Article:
The Velvet Revolution – by Caleb

Well, it’s been a month since I got home and it’s time I stop hiding from doing a blog post.  So…

I went to the Czech Republic and while I was there absolutely everyone was talking about how they peacefully kicked out the Russian Communists in the 1980’s. Like most countries in Eastern Europe the Czech Republic ha been occupied by Russia after WW2, and like most countries they started to rebel in the late 1980’s. But the difference lies in how they did it. In the Czech Republic there was no rioting, firebombing, and gunfights with the police like in most other countries. Instead it took only 13 days of peaceful protests and strikes to bring down the communist government.

Starting on November 17, 1989 which was international students day (in honor of the Czech students killed by the Nazis in 1939), 15,000 students of the SSM (Socialist Union of Youth) attempted to stage a peaceful protest. When they got to the center of Prague the police cut off all of their escape routes and attacked the students with clubs and tear gas. Luckily no one was killed. But there was a student who had been knocked out by tear gas that the police took to an ambulance and everyone in the crowd thought that he had been killed. This false rumor was to be the driving force of the revolution.

The next day two students met with the Prime Minister/communist dictator and informed him that all schools and theaters were going on permeant strike

On November 19 the Prime Minister was presented with the demands of the students. Which were that he and the entire government step down and instate a democratic system. The Prime Minister rejected their demands and said that he would only be allowed by to step down (by the Russian government) if demonstrations reached the level of those that had happened in East Germany (250,000 people).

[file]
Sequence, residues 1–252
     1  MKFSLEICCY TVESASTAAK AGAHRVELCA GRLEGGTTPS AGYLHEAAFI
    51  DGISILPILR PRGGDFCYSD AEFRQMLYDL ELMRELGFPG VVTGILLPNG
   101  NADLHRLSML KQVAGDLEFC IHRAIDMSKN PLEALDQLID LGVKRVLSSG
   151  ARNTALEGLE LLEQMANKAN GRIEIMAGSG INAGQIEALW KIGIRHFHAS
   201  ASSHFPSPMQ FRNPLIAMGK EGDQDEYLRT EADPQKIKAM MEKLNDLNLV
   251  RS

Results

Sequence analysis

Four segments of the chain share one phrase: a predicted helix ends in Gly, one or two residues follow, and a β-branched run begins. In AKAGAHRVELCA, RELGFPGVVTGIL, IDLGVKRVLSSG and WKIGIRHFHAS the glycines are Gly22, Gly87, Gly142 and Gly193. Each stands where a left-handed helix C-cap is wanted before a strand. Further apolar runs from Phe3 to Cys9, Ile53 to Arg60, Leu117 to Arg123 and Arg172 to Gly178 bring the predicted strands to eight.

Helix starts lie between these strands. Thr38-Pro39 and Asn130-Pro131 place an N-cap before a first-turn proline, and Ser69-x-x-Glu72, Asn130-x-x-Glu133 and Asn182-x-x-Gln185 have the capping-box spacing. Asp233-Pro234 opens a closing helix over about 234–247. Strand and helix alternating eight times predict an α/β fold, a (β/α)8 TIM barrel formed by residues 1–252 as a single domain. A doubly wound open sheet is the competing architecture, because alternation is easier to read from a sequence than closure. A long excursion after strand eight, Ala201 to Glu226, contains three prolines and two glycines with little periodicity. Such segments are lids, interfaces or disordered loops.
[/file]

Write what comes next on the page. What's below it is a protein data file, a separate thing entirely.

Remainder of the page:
So, the next day 100,000 people marched into the square in Prague but this time the police did not use violence against the protesters. For the next five days the protests continued to grow in size until they peaked at 800,000 (the population of Prague was 1.2 million, so this was 66% of the total population.) on November 25.

Anti-Communist Demonstration in Prague.

Anti-Communist Demonstration in Wenceslas square Prague. I had to borrow this from google because this square is kind of empty In all of my pictures.

Finally on November 26, the Prime Minister agreed to meet with the leader of the of the uprising Václav Havel, but the talks led to nothing.

Prime Minister Adamec of the Czech Republic.

Prime Minister Adamec of the Czech Republic.

On the final day of the revolution, November 27, following a 2 hour general strike, the parliament struck down the part of the Czech constitution that made it a one party country. This was the end of the communist regime in the Czech Republic. In less than 2 weeks a president had been elected and a new democracy was born.






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